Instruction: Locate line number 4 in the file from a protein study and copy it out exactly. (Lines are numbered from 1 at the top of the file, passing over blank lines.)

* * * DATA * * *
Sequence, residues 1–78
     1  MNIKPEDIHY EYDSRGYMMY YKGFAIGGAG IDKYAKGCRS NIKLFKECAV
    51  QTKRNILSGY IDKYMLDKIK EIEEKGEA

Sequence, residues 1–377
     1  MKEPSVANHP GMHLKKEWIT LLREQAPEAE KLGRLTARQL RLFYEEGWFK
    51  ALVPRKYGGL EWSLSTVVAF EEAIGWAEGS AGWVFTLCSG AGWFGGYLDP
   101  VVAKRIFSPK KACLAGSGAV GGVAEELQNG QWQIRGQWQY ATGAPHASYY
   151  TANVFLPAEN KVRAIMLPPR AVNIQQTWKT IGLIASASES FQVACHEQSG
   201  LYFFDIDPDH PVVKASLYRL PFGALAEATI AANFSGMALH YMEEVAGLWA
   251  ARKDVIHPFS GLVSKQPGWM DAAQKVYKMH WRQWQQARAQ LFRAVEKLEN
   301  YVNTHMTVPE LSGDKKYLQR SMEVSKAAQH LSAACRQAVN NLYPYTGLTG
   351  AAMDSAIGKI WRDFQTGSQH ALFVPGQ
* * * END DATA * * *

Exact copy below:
Sequence, residues 1–377